*photo by Christine Lindebak

I keep my word

Spring in New York will not ever cease to amaze me.  Each year I’m struck by the insane beauty of the flowers that bloom out of nowhere and the tiny buds that sprout and the lush calls of the birds in the trees.  Laid out at the feet of this steel and concrete metropolis, the saturated colors are all the more breathtaking.

orange lillies

This year I’ve noticed that the flowers have an entire life cycle of their own.  First bloomed the tender daffodils and tulips, then the irises in all their midnight blue, now lillies on stalks as tall as me, or perched on top of pointed green crowns…

pink lillies

Then there are — are these daisies?  I think they’re wild flowers.  Michael says they’re just weeds, in which case I say, grow me a garden of these beautiful weeds!

daisies

Inside the apartment we have all sorts of green thumb experiments going on as well, and also our CSA starts up again tomorrow! Expect some very green posts in the near future.  Happy Monday!

Gloom and Doom

It’s May.  It’s May 19, exactly three years and one day from the day Michael landed in the city permanently.  Semi-permanently.  Anyway, it’s May, and it ought to be sunny and beautiful and breezy, but instead it’s gray and gloomy and cold.  I’m still wearing my winter coat.

I’ve realized that the movie Splash, with Daryl Hannah, Tom Hanks and John Candy, is actually about a California girl, not a mermaid.  See, she’s from the Valley, which is why he can’t understand anything she says.  Anyway, I’m like Madison when they’ve been keeping her in that aquarium in the science lab and all her scales are peeling off. I’m beginning to wilt.  The only reason I have survived thus far is because I spent every sunny day this winter curled up on top of the radiator under the window like a cat, soaking up the sunbeams.  Only there hasn’t been any sun in three days.  THREE DAYS.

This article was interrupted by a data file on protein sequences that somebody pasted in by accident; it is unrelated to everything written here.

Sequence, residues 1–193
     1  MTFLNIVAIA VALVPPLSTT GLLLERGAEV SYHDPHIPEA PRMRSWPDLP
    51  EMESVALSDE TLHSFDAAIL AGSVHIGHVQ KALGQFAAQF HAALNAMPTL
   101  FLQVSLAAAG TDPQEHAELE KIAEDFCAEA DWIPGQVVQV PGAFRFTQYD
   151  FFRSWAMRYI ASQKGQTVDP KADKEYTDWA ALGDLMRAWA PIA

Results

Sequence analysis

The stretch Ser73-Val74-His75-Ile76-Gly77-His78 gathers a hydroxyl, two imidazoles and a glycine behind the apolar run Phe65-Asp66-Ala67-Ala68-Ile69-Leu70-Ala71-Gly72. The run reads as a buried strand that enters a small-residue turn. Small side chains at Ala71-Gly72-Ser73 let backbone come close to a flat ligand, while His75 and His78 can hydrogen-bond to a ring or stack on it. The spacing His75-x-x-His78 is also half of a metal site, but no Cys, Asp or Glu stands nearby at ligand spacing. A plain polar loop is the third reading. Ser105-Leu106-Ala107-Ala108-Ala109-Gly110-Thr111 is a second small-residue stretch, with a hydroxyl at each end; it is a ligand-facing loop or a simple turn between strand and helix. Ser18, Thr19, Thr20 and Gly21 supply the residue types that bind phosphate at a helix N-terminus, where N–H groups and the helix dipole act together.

gloom and doom

I need the sun.  I am a girl who’s meant for sandcastles and tide pools, not skyscrapers and taxicabs.  I haven’t had tan lines in three years.  I am suffering from a serious case of Vitamin D deficiency.  My doctor swears my vitamin D levels are fine, BUT WHAT DOES SHE KNOW?

Oh god, please make the sun shine soon.  Please.  Please.  Please.

Not even kidding

double parked

How the people in my neighborhood park their cars on street cleaning days.

Not even kidding.

(p.s. This picture was taken last week.  Last week when the sun shone and life was merry.  This week it has been grey and gloomy every. single. day. I’m beginning to feel crazy.)

A Tree Grows in Harlem

A Tree Grows in Harlem

Because in our heart of hearts we dream of tree-lined lanes and vegetable gardens and evening skies full of stars, we started a worm bin last summer.  By December we had two bins, each full and weighing at least forty pounds.  We didn’t weigh them, that number is not factual, is actually based on the amount of effort it required to haul the blasted things in and out of the closet, but “fifty pounds” sounds better than “really f-ing heavy”.  So here we are in our little Harlem apartment, in the middle of an east coast winter, with a gajillion pounds of vermicompost.  That was when my mom suggested we give it away as Christmas gifts, because nothing says Merry Christmas like a zip lock bag full of worm poop.

There was much fussing and oohing and ahhing when Michael and I hauled the sagging bins from the closet.  My parents were both there, in town for the holidays, and as I harvested the compost I explained what we put in and what we didn’t, how long it took the worms to get through what, showed them bits of egg shell still at the bottom, the swarming, writhing worms. I was picking cherry pits out of a handful of partially digested compost when I realized that bit of green I was looking at wasn’t undigested vegetable matter.  It was a sprout.  Something we’d eaten and discarded had taken hold and now there was a tiny, perfect sprout.  I was so excited I stopped breathing.